As we run, the spine naturally rotates in opposing directions. You may hear the term ‘counter rotation’ which refers to the hips and the torso rotating in opposite directions. Therefore, torso rotation is looking more at how the upper part of the body moves when we run. Lewis explains, “Torso rotation is linked to performance and injury. For example, better rotation is linked to a more efficient and even a longer running stride, limited rotation can contribute to injuries further down the chain and over-rotation can contribute to things such as pelvic drop, which again could lead to injuries further down the line.”

You can use the Roll aspect of the Body Angles metric on your INCUS device to identify if your torso is rotating too much or not enough. If you do find you need to make tweaks to improve, Lewis has some exercises you can try: 

“If it’s a case of improving the rotation of the upper back, mobility exercises and rotation exercises are great. For example, a basic forward lunge and rotating the hands out in front of the body will challenge the rotation in a good way and help to improve the range of movement. On the other hand, if you’re trying to limit the rotation, anti-rotation exercises will be more beneficial. You can perform anti-rotational core exercises such as shoulder taps, or use a resistance band to perform a pallof press - where you pull the band, from a fixed position, across and directly in front of the body and then press the band out in front of you.”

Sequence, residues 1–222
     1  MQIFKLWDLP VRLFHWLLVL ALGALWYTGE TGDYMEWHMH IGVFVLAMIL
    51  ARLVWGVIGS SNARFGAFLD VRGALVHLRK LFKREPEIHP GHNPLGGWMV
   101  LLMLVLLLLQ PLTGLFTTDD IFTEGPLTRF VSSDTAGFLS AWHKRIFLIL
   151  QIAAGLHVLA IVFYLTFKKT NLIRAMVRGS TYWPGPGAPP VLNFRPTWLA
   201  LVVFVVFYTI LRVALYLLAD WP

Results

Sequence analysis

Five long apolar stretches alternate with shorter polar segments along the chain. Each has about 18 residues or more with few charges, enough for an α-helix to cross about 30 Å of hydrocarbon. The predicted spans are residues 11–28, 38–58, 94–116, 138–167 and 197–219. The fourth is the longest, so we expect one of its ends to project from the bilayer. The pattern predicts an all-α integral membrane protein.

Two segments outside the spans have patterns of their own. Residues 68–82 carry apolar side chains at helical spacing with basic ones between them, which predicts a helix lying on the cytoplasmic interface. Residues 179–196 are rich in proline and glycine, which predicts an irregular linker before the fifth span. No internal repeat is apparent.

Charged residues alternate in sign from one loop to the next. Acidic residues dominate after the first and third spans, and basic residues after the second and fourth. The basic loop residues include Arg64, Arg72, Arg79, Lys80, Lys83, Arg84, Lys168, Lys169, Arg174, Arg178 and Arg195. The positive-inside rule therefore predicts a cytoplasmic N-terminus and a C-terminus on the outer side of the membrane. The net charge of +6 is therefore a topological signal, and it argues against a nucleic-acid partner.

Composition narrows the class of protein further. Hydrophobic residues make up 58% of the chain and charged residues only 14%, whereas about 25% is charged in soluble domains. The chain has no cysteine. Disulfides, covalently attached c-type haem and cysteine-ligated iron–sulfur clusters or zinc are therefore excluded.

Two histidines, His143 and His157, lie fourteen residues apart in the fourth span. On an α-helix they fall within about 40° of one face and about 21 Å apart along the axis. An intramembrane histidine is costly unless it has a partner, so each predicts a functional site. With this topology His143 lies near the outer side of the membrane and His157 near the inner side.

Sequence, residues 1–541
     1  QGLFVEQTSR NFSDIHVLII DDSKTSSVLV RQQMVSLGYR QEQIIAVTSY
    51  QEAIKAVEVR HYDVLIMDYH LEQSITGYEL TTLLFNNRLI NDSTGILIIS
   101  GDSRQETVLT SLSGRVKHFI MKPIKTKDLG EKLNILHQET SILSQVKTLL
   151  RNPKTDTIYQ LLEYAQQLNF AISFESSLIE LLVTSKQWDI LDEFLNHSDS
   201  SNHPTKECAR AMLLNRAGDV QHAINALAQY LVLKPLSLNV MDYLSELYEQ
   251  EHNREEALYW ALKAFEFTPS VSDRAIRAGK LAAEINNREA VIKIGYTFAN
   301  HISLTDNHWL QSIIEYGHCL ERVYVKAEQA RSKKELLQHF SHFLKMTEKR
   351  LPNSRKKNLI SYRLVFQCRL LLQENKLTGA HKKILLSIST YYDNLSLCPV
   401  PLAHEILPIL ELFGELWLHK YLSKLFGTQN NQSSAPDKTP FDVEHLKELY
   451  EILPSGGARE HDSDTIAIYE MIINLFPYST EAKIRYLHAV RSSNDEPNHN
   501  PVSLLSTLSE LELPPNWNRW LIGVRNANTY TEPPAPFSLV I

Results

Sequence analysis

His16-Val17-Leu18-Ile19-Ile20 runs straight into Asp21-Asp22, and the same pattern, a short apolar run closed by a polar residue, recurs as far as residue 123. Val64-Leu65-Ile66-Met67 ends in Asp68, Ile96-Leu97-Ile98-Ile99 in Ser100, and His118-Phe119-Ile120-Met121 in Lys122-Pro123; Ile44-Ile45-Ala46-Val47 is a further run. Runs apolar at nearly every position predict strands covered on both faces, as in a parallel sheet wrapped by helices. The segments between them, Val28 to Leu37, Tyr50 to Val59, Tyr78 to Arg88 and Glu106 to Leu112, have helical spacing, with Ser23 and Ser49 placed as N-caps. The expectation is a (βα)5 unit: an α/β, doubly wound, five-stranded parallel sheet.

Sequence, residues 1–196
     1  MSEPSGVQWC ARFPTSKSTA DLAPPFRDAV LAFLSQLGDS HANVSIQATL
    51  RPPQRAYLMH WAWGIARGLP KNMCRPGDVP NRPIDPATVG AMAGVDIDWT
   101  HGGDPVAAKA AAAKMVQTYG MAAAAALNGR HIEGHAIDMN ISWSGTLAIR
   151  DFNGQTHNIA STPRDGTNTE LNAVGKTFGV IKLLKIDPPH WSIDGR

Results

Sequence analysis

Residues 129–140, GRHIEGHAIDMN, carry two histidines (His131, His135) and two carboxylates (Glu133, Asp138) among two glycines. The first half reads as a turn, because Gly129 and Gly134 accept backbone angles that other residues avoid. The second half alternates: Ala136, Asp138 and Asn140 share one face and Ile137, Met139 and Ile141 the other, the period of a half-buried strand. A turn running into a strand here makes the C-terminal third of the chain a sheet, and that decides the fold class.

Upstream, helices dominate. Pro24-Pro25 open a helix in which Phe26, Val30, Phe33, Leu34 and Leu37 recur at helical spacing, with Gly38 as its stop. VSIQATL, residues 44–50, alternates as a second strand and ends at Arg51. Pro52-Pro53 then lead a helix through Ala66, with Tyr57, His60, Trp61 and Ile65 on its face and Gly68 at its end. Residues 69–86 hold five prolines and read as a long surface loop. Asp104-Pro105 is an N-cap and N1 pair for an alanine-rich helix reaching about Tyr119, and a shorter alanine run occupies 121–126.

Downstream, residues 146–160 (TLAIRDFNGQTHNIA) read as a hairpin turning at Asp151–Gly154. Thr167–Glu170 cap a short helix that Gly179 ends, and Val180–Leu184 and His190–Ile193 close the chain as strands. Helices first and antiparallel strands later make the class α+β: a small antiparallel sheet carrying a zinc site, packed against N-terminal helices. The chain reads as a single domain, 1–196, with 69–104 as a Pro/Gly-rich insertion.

Runner wearing INCUS Nova

Yaw - Lateral Sway

The third and final plane of movement is Yaw, which relates to Lateral Sway in running. Think about how landing on your left foot and then your right foot repeatedly might make you sway from side to side as you run. Lewis explains, “too much lateral sway is linked to the pelvis dropping from side to side, which affects the upper body movement of the runner.”

Lewis goes on to explain, “If we go back to our kinetic chain, the reason this can have an impact on things such as injuries is because this movement could be putting excessive strain on other bones, muscles, tendons or ligaments. If this is the case, it’s likely that something will give, causing injury. If the pelvis is dropping on contact, we will have to use a lot of energy to correct this and to keep our momentum moving forwards in the right direction. This can make us less economical as runners, which could lead to slower running times or have a negative impact on performance.”

You will be able to see if you have too much Lateral Sway by watching video analysis of yourself running. But the best way to check is with the INCUS device, which can analyse your running stride on each side in real time. If you do find you have too much Lateral Sway, Lewis suggests ways to improve:

“Single leg strengthening exercises such as the single leg squat will help strengthen the chain down from the hip to the knee and ankle. Other running drills can also help with pelvic control, such as a switch drill, however I would firstly concentrate on improving the strength around the core/trunk area, as well as the glutes. Simple exercises such as; glute bridges, clams, and reverse clams can help with strengthening the glutes, while core exercises such as dead bugs, side planks and heel taps can help with core strength and trunk control.”

About the author: Alex Parren is a Freelance Health & Fitness writer as well as a qualified Personal Trainer and Nutritionist.